When I was four years old, my great-grandmother told me to look into the eyes of the first elephant I met and read its mind. She told me that I would find something wonderful there.
I didn’t see a live elephant until I was nine, by which time she’d been dead three years or more. When she was buried, she requested that all of the flowers be thrown into her grave before a single handful of soil went in. More, she asked that all the children present pull the petals from the flowers before they threw them in. So it was – she was buried in confetti.
When I was nine, we had a school trip to the local zoo. I didn’t remember what my great-grandmother had told me until I saw the elephant in its enclosure ambling towards me. It seemed to me to be without deviation, heading straight in my direction, moving slowly, stately, yet it seemed to cover the ground so swiftly, until it nudged its great forehead against the fence and then lowered its head to look at me. I recall the rasping sound of its hairs against the steel links of the fence, like the noise playing cards make when you tape them beside bicycle wheels.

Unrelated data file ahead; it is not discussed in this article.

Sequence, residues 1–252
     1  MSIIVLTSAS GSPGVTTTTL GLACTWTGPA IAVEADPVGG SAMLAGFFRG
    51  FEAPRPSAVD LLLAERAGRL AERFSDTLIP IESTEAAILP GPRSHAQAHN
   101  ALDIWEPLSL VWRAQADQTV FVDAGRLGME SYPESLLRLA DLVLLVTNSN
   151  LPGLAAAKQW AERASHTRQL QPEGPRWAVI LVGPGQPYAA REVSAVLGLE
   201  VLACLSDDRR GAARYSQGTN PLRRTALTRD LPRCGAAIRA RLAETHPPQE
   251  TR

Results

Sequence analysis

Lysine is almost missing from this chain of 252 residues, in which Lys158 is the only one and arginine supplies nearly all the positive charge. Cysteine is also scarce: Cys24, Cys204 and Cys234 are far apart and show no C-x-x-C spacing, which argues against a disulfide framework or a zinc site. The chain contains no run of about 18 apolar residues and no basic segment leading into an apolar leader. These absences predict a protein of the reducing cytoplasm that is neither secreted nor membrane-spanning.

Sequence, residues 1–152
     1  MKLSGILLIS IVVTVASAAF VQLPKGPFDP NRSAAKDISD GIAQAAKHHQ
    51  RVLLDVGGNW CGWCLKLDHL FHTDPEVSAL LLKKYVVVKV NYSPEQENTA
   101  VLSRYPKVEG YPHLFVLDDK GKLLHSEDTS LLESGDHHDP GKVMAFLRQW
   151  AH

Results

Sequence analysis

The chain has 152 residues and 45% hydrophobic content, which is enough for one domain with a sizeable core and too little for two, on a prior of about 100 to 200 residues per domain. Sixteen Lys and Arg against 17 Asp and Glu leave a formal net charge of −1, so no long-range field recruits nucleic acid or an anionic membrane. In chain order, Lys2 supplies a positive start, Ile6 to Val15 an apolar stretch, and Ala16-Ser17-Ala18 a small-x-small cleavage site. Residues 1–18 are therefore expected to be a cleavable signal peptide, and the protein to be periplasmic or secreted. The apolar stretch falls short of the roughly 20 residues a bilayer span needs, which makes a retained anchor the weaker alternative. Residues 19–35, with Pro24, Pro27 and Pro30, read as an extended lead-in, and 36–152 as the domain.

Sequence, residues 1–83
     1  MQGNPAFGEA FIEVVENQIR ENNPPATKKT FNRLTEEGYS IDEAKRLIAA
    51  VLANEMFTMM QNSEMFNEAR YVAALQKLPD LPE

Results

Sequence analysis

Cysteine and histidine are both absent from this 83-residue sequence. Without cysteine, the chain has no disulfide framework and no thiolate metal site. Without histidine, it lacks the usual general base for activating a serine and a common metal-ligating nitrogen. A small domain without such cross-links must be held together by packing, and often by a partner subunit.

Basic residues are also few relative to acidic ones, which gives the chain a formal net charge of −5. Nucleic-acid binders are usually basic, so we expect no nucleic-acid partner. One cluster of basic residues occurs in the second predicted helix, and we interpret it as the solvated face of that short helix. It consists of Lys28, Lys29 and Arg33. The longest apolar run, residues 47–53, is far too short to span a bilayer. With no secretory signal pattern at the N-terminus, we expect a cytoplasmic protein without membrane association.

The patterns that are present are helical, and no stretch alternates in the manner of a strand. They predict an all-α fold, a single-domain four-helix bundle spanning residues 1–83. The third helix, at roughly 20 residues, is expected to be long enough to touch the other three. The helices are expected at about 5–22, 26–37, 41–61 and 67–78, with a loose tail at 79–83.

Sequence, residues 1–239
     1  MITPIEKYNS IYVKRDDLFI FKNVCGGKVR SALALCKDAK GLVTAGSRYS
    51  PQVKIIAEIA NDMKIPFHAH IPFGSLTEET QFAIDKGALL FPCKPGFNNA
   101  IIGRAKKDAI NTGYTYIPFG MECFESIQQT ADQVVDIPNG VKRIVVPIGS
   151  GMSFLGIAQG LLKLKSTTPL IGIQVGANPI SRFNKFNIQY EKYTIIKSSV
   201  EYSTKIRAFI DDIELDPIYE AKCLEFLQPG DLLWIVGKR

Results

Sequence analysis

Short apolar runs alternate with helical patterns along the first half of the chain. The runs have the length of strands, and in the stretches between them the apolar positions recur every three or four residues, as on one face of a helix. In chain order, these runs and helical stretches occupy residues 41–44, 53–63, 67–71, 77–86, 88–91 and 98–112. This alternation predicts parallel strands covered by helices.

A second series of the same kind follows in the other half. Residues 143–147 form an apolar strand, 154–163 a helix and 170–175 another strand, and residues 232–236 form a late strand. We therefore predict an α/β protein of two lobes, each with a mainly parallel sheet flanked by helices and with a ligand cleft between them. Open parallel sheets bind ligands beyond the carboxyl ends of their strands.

And I looked deep into its eyes, locked gazes with this great, quiet beast and I saw nothing there. People will tell you that an elephant’s eyes always impart wisdom or sadness, and maybe that’s true, but not this time. I didn’t see anything but a memory, a confetti of petals drifting down into dark, damp earth and lighting on a box in which my great-grandmother would spend the rest of time. I don’t know how long we remained like that. Eventually, the elephant pulled its head slowly to one side and then turned like a vast ocean liner and moved away.
Later, I wondered what would have happened if I’d seen an elephant before my great-grandmother passed away. What would I have seen there, in those deep, brown eyes? I would have seen what everybody else sees: It would have looked sad, or wise. It wouldn’t have told me of graveyards and petals and a dear old lady put to rest. It wouldn’t have told me what I’d forgotten.
It wouldn’t have told me something wonderful.
When I was six years old, my great-grandmother died.
I loved her. And I remember her.